Masaya was established in the early 1800s around the time of Nicaragua’s independence from Spain. The Masaya vicinity was designated the country’s first national park in 1979, encompassing two volcanoes and five craters. The Masaya Volcano, in particular, has had a long history of eruptions and remains active even today with the last eruption occurring in 2003. The indigenous people used to treat the volcano as an indicator of their gods’ mood. If it erupted, it meant that their gods were angry and they would perform spiritual rituals as well as human sacrifices before the volcano. Even the Spanish colonists were superstitious about the volcano, calling it the Mouth of Hell; they erected a cross at the top of the volcano to keep the devil away.
Considered the center of Nicaraguan folklore and crafts, Masaya is perhaps best known for its crafts market, the Mercardo de Artesanias, which is the largest in the country. This crafts market is located in Mercado Viojo (the old market), a 1900s structure near the city center. The market is one of the main tourist attractions of Masaya and the scene of many stands and stalls selling foods and crafts. On some evenings you’ll be treated to the tune of Nicaraguan folk music and dance. The market sells many traditional crafts and art items like embroidered dresses, leather goods, wooden crafts, hammocks, sculpted masks, paintings, weavings, and ceramics.
Outside of the main crafts market, there are also local crafts workshops in the indigenous neighborhoods of Masaya like Monimbo and the small white towns known as Pueblos Blancos, where you can purchase handicrafts and souvenirs while also observing the skilled artisans at work. The village of Monimbo, in particular, provides an opportunity to observe the indigenous Darianes people’s customs and folklores. There are village murals in Monimbo depicting the Darianes’ struggles with the Spanish colonists.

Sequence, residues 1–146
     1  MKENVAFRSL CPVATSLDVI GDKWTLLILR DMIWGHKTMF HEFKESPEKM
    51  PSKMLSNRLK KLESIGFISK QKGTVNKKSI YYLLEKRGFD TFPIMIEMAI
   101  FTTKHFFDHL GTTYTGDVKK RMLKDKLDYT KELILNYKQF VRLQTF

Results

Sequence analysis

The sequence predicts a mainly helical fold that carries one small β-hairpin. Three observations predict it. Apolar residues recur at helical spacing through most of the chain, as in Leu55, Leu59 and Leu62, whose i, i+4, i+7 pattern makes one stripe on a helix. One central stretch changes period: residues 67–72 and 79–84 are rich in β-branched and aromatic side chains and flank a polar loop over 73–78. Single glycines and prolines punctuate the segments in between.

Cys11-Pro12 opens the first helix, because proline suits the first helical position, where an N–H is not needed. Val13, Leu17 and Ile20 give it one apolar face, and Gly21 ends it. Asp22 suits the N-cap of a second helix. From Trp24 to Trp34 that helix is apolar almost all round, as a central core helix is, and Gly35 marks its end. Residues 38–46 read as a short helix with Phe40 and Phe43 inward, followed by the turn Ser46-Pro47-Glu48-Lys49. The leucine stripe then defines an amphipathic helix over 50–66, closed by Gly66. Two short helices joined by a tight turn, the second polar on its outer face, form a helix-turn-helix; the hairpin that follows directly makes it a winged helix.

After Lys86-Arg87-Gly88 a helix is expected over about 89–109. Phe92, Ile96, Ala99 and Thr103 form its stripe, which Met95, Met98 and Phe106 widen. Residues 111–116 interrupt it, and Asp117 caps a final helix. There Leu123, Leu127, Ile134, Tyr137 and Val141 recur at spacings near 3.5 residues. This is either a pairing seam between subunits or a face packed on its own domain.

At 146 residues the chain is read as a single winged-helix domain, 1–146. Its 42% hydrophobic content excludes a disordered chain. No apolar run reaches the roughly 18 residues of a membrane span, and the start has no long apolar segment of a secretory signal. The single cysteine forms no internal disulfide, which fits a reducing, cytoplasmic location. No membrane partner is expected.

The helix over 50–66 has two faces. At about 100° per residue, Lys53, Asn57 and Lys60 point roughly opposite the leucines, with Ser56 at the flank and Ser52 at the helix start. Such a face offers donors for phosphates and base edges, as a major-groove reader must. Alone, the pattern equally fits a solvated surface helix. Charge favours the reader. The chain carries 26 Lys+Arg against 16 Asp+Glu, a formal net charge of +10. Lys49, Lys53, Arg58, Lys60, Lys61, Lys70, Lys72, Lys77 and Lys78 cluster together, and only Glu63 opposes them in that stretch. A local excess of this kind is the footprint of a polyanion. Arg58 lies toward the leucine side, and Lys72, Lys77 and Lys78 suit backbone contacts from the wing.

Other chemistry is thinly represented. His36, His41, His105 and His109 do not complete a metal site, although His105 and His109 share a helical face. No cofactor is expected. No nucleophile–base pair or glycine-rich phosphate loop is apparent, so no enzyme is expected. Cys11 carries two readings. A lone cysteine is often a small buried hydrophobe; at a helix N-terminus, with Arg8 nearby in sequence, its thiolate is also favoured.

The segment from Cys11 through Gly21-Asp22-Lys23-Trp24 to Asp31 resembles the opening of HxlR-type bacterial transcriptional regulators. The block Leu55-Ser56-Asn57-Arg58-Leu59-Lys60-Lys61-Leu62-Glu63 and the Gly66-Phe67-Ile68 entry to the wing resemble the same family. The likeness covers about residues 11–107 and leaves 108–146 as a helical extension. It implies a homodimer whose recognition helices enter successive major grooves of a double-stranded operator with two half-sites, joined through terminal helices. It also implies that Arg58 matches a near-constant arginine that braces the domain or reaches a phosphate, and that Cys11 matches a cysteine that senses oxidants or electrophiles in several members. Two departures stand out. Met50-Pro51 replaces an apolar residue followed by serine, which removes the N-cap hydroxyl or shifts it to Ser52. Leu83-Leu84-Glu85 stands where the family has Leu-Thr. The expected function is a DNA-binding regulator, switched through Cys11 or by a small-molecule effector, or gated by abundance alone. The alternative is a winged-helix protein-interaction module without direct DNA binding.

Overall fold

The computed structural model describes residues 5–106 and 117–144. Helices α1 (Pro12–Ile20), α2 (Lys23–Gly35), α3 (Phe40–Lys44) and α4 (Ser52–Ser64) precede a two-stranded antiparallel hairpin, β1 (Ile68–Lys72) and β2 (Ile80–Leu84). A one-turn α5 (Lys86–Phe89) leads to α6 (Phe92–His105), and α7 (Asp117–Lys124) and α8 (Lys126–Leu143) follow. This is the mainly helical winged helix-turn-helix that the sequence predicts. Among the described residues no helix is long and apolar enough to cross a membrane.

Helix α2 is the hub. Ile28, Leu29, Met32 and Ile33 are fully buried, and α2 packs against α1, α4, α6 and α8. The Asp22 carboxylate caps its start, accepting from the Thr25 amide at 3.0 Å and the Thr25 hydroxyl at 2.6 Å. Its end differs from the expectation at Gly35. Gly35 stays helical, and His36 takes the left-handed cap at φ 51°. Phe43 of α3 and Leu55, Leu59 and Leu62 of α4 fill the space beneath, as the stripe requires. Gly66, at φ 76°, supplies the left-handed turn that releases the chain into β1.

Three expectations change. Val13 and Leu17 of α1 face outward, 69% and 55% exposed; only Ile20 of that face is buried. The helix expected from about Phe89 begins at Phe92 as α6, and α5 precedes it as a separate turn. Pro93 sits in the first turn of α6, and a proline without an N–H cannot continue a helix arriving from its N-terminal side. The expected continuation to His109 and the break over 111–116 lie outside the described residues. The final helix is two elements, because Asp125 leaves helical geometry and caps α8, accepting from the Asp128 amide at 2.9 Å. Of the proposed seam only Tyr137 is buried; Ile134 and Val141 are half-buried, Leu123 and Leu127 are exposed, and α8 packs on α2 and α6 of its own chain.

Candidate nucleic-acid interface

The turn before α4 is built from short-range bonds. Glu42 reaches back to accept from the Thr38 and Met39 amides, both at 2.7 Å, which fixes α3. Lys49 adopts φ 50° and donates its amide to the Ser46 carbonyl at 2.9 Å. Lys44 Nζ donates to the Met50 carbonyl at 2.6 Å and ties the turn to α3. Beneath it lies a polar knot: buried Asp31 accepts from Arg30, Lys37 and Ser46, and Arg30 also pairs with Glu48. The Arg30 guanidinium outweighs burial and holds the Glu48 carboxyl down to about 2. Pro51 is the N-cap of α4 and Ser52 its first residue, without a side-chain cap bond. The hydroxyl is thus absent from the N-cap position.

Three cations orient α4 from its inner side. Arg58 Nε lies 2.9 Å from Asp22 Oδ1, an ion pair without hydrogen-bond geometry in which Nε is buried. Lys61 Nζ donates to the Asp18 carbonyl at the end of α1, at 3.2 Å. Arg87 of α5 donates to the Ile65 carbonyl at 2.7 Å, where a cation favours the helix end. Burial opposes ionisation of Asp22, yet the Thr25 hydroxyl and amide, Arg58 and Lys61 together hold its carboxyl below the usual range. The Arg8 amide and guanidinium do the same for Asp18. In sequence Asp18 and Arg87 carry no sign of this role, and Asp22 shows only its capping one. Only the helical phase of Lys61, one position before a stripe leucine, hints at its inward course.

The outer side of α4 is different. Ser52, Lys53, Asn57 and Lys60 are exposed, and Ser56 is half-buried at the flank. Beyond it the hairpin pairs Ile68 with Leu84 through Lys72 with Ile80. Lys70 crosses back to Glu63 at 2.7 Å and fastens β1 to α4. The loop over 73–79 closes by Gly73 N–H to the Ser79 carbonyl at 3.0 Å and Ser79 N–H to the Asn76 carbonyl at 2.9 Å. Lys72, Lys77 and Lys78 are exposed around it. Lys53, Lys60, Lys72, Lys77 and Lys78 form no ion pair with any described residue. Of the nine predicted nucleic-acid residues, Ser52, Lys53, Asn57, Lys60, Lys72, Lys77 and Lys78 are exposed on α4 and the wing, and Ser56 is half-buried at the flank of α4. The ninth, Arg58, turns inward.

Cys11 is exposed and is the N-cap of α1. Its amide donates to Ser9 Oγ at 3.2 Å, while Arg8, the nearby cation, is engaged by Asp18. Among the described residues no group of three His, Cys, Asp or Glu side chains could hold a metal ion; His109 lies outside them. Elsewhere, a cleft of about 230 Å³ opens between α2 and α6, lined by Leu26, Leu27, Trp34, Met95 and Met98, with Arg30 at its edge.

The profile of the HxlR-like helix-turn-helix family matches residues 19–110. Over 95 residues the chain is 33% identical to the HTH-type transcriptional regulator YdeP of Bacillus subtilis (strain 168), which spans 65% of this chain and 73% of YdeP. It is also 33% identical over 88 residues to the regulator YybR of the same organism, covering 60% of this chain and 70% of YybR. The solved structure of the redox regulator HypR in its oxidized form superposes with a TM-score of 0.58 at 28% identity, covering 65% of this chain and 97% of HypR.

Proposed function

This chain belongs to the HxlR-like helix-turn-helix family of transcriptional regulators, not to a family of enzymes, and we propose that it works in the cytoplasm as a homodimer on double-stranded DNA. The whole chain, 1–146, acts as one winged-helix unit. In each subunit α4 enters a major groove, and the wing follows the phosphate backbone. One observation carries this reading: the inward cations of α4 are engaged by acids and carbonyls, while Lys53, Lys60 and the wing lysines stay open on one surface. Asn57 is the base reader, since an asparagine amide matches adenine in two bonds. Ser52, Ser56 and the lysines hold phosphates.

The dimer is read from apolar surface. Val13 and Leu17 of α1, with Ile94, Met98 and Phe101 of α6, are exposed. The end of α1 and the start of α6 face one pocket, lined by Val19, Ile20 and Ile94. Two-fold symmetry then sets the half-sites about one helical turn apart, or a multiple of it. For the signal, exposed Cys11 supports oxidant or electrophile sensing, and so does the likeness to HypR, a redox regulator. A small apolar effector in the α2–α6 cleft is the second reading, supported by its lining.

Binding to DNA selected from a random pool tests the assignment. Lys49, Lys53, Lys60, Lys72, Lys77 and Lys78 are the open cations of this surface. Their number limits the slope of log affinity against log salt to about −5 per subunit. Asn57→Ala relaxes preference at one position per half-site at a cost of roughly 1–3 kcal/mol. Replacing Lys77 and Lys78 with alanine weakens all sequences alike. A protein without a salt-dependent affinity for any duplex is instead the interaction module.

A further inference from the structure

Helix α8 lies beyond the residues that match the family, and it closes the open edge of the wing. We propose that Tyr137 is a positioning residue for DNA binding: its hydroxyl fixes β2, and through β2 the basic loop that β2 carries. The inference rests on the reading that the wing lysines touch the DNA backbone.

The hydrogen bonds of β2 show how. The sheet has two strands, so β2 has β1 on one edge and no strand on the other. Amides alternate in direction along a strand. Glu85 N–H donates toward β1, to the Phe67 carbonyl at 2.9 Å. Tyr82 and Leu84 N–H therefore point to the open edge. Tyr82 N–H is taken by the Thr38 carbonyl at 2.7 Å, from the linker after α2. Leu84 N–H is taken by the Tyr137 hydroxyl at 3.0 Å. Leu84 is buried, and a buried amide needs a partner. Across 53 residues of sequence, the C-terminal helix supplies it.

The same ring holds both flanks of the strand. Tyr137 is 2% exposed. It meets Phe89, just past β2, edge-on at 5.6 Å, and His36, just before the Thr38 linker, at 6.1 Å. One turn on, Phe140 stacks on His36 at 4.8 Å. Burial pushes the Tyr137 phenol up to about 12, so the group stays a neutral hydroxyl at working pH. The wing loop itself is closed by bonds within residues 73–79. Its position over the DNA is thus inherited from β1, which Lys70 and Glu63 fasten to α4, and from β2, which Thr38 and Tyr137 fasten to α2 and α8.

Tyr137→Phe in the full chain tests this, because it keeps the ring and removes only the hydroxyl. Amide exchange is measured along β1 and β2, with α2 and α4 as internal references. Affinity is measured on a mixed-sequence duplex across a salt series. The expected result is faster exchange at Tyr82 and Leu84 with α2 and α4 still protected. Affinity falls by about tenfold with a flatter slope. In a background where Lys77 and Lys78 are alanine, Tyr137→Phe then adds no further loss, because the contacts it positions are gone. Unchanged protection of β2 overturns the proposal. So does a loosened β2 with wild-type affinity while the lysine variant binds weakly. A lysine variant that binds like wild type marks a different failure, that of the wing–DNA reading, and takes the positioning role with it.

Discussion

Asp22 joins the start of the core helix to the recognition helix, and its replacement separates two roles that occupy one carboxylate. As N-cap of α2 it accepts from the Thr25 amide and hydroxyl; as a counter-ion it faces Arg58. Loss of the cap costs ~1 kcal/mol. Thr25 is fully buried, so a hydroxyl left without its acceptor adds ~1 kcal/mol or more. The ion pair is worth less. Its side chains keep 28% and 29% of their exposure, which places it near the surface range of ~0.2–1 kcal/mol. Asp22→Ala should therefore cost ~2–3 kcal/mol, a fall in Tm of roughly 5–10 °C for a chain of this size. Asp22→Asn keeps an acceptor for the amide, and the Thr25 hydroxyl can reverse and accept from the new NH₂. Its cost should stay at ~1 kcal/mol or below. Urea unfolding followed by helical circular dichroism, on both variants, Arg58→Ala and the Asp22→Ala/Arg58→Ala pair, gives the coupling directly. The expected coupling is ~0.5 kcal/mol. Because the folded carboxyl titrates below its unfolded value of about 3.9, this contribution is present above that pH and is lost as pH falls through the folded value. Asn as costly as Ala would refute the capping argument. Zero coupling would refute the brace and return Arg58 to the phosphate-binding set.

Volcán Masaya National Park
Masaya, of course, is home to the Volcán Masaya National Park, where you’ll get to explore the Masaya and Nindiri volcanoes, which feature five volcanic cones. The volcanic landscapes of this park are stunning: lava fields, colorful flowers, and wild orchids inhabited by coyotes, deer, iguanas, rabbits, monkeys, and birds like parakeets magpie jays, motmots, and woodpeckers.
The park’s main feature is the Santiago Crater, which was formed in the mid-1800s and has been continuously and actively emitting lava and sulphuric gases. The crater walls provide nesting grounds for birds. Next to the Santiago Crater is a hill you should climb to check out the Bobadilla’s Cross. This cross was erected by the Mercedarian friar, Francisco de Bobadilla, to baptize the volcano and keep the devil away. Like the indigenous natives, the Spanish engaged in a few sacrificial rituals themselves, lowering human sacrifices into the boiling inferno.
The national park also has miles of roads and hiking trails that wind through lava boulders and patches of lush, bird-filled forests. Along the trails, you’ll be led to the San Fernando Crater, which is an inactive volcano covered by lush vegetation.
The park’s museum, Centro de Interpretacion Ambiental, is one of the best in Nicaragua, showcasing the volcanic region’s cultural and geological history as well as its flora and fauna.
Near the park are two crater lakes, the Masaya and Apoyo. Both are resort-like with many surrounding hotels and restaurants. Many recreational activities can be enjoyed in and around the volcano and the lakes such as sport fishing and volcano boarding.
Anonymous user updated 10 years ago
|Some rights reserved ©.|
The travel guide article on this page is subject to copyright restrictions.